BANKRUPTCY FREQUENTLY ASKED QUESTIONS
What is a Chapter 7 bankruptcy?
Under the federal bankruptcy statute, a discharge is a release of the debtor from personal liability for certain specified types of debts. This, in basic terms, means that the debtor (the person who filed the bankruptcy) is no longer required by law to pay any debts that are discharged. The discharge operates as a permanent order directed to the creditors of the debtor that they refrain from taking any form of collection action on discharged debts, including legal action and communications with the debtor, such as telephone calls, letters, lawsuits and personal contacts. If you have further questions regarding Chapter 7 bankruptcy, contact a Melbourne bankruptcy attorney.
What is a Chapter 13 bankruptcy?
A Chapter 13 bankruptcy is also called a wage earner's plan. It allows individuals with regular income to develop a plan to repay all or part of their debts. Under Chapter 13, debtors propose a repayment plan to make installments to creditors over three to five years. If the debtor's current monthly income is less than the applicable state median, the plan will be for three years unless the court approves a longer period "for cause." If the debtor's current monthly income is greater than the applicable state median, the plan generally must be for five years. In no case may a plan provide for payments for longer than five years. If you have further questions regarding Chapter 13 bankruptcy, contact a Melbourne bankruptcy attorney.
If I file for bankruptcy, is my credit ruined forever?
No. If you otherwise keep your credit clean after the filing of bankruptcy, your credit can be largely rehabilitated in about three years after you receive the discharge of debts in bankruptcy. You must reestablish your credit, by paying bills on time, making car payments on time, when you do establish new credit cards, use them wisely and pay the statements in a timely manner. If you have further questions regarding bankruptcy, contact a Brevard County bankruptcy attorney.
If I file for bankruptcy does my husband or wife have to file bankruptcy, too?
No, although it is often wise for both husband and wife to file a bankruptcy together if both have significant joint debt. If they both owe on a credit card debt, and only one spouse files for bankruptcy, the credit card company will demand payment from the spouse not filing for bankruptcy. If you have further questions, contact a Melbourne bankruptcy attorney.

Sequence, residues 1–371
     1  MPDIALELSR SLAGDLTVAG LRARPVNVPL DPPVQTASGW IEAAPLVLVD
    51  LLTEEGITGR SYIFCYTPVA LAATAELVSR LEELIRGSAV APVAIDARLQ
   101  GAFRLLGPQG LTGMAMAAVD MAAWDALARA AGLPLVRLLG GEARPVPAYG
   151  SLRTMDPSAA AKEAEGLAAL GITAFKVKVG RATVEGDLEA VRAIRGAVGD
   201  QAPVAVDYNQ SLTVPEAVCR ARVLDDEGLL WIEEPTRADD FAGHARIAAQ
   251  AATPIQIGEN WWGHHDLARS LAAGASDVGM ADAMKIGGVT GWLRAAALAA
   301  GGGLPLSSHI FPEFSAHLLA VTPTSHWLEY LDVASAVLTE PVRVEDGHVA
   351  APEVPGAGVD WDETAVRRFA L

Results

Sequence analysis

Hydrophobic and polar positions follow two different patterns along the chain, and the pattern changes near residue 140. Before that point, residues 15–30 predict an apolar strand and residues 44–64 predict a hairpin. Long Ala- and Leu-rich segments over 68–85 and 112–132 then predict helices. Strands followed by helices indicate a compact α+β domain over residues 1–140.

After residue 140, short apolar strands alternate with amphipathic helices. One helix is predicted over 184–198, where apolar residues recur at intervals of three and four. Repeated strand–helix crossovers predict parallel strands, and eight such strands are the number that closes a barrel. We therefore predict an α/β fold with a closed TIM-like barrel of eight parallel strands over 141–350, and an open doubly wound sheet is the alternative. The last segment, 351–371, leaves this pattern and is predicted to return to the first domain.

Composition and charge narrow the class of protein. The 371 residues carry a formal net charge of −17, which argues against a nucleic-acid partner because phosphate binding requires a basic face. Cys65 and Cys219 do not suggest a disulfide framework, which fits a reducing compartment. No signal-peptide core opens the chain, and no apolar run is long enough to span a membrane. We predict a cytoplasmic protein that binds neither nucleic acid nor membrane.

Do I have to take a credit counseling course prior to filing?
Yes, a credit counseling class must be completed prior to the filing of your bankruptcy case. Credit counseling classes can be attended in person, on the phone or on the internet. Once the credit counseling class has been completed, a certificate will be issued which must be filed in your bankruptcy case. Certificates of credit counseling go stale after six (6) months, so the class should be taken shortly before you plan to file. If you have further questions, contact a Brevard County bankruptcy attorney.
What information and/or documents will I need in order to file bankruptcy?
You should know all of your creditors, their addresses, account numbers and approximate amount owed; you need to provide your bankruptcy attorney with two (2) years of income taxes – three (3) years if you file a Chapter 13; you should also provide six (6) months proof of income; you should provide any information on lawsuits and liens; information regarding your home, vehicles, other real property, personal property. Speak with your bankruptcy attorney to determine any other documents to provide.
What happens after my bankruptcy is filed?
Once the bankruptcy case is filed an automatic stay goes into effect – this basically means that no creditor may move forward on collections efforts – without permission of the bankruptcy court. Approximately thirty (30) days after the filing of the case, a Meeting of Creditors (See “What is a Meeting of Creditors?” below.) is held. If you are in a Chapter 13, you also will attend the Meeting of Creditors and approximately forty-five (45) days after the filing you will make your first payment to the Chapter 13 Trustee. If you have further questions, contact a Melbourne bankruptcy attorney.
What is a Meeting of Creditors?
The first meeting of creditors, also commonly called a 341 as it falls under Section 341 of the Bankruptcy Code, is a process where the Trustee, who is a person appointed by the court to administer the bankruptcy estate. The Trustee asks the debtor a number of questions regarding his assets and liabilities and the petitions and schedules that were prepared in the case. The debtor is placed under oath and the meeting is tape recorded. If you have further questions, contact a Brevard County bankruptcy attorney.
If you have any further questions regarding bankruptcy, call attorney Gina Schlegel at Schlegel Law Offices, P.A. at (321) 872-6500 or fill in the following form and we will contact you: